Coney Island's walls have long reflected the aerosol artists who've passed through, and the bricks lining Stillwell Avenue are no different. Outside the Stillwell Avenue-Coney Island subway station, a 130-foot mural provides the perfect intro to this whimsical Brooklyn neighborhood. Part of the Dreamland Artist Club project, the colorful cartoon characters are widely recognized as one of the best works by identical twin brothers from Brazil, Os Gemêos. The artists take their inspiration from a variety of places, leaving surreal representations of Sao Paulo's social and political issues on city walls around the world. In Coney Island, you'll see fun characterizations of dancers and other figures along Stillwell Avenue.
Bowery Graffiti Wall
Lower East Side
Manhattan's Lower East Side is a hot bed of street art, with the Bowery Graffiti Wall being one of the more famous examples. At the intersection of Bowery and East Houston Street, this mural site has offered a place of artistic expression since 1982 when renowned artist Keith Haring first claimed it as his blank canvas. At the beginning of 2013, artist John "Crash" Matos left his mark with a giant portrait of Popeye, using everyone's favorite sailor-man as the inspiration for a Pop-art masterpiece. Most recently, graffiti master Swoon took ownership of the space, with themes relating to Hurricane Sandy slowly beginning to take shape.
The Bushwick Collective
A relatively new addition to New York's graffiti scene, The Bushwick Collective emerged at Troutman Street and St. Nicholas Avenue in 2012. Created by Bushwick native, Joseph Ficalora -- with the help of well-known graffiti artists like Sheryo, Yok, Cost, Swoon and Dan Witz -- this collection of artwork includes both portraits and caricatures. You can enjoy the murals every day of the year, but to make the most of The Bushwick Collective experience, stop by on June 2 to enjoy the annual neighborhood block party. You can learn more about the murals and upcoming events on the Collective's Facebook page.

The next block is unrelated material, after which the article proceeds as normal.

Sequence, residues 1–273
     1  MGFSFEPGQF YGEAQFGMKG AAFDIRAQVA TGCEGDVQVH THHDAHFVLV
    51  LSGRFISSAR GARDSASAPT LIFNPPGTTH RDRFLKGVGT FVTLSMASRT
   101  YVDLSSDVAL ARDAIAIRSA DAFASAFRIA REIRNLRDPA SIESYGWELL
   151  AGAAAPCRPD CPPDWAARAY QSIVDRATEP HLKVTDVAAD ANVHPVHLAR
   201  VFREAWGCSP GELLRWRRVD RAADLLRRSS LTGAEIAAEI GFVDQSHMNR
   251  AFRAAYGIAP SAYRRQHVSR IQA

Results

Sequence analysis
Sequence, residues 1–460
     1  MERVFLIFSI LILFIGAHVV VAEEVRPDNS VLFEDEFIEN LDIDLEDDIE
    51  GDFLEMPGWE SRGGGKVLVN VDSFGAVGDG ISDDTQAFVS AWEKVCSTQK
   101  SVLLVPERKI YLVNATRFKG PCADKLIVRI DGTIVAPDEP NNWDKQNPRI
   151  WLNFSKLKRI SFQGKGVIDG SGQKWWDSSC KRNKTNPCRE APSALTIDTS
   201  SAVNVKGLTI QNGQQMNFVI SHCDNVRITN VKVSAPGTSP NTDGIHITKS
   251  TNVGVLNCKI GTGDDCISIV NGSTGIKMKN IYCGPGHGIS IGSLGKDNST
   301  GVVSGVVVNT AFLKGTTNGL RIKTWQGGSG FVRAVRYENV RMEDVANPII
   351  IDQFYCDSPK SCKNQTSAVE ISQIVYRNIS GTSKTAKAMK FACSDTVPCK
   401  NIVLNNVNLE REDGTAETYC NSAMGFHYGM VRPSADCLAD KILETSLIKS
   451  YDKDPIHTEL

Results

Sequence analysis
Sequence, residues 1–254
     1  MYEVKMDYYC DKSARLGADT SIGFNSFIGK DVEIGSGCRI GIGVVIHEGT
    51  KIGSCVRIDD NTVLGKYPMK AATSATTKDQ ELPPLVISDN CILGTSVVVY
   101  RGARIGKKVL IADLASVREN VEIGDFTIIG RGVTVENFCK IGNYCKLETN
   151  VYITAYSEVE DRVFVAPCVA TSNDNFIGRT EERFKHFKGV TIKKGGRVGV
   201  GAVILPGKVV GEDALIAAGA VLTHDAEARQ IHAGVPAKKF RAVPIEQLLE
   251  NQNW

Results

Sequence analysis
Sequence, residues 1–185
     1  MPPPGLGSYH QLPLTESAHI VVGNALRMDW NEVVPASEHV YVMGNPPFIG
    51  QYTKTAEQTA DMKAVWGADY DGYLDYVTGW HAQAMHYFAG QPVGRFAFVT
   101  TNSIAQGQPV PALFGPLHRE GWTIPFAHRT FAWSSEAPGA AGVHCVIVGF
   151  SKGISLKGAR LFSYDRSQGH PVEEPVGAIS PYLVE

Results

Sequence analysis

If you want good Greek food or a Steinway piano, you head to Astoria. And if you want to catch sight of groundbreaking street art, you still head to Astoria. This neighborhood in Queens is home to the Welling Court Mural Project, a crowd-funded art event hosted by Ad Hoc Art that takes place every summer and welcomes such big names in graffiti as Lady Pink, Swoon and Skewville. (The artists pictured in the above photo are -- from left to right -- Vera Times, SeeOne and Hellbent. The artwork sandwiched between that of Vera Times and SeeOne was done by artist Col Walnuts.) The purpose of the Welling Court Mural Project was neighborhood beautification, and though street art isn't everyone's idea of fine decor, the bright lettering and neon scrawls add a sense of life into the otherwise underwhelming area. You'll find the mural along Welling Court between 30th Avenue and Vernon Boulevard. Check the Ad Hoc Art website for the 2014 event dates.
Williamsburg's low cost of living has long beckoned to "starving" artists, which ultimately lead to the Brooklyn area becoming a breeding ground for graffiti. The influx of new creative residents has fostered innovation; artwork that graces the walls in this area ranges from traditional "American" graffiti (think bold lines and heavily stylized text) to more European-esque murals, many of which were created using stenciling or modeled after posters. You'll see work by known artists like Os Gemêos (at North Third Street and Wythe Avenue), R.Robots (at North Third Street and Bedford Avenue) and Nick Walker (at Roebling Street and Metropolitan Avenue).
If you're interested in experiencing New York's street art scene but don't want to actually take to the streets, you'll find examples of works by established graffiti artists such as Taki183, Crash, Cornbread and Metro AKA Meo hanging in Gallery 69. Hosting regular shows since 2010, this gallery sits on Leonard Street (between Church and Broadway) in Tribeca. Unlike the art you'll see along the streets of New York, the works that grace the Gallery 69's walls are available for framing and purchase.
--Miriam B. Weiner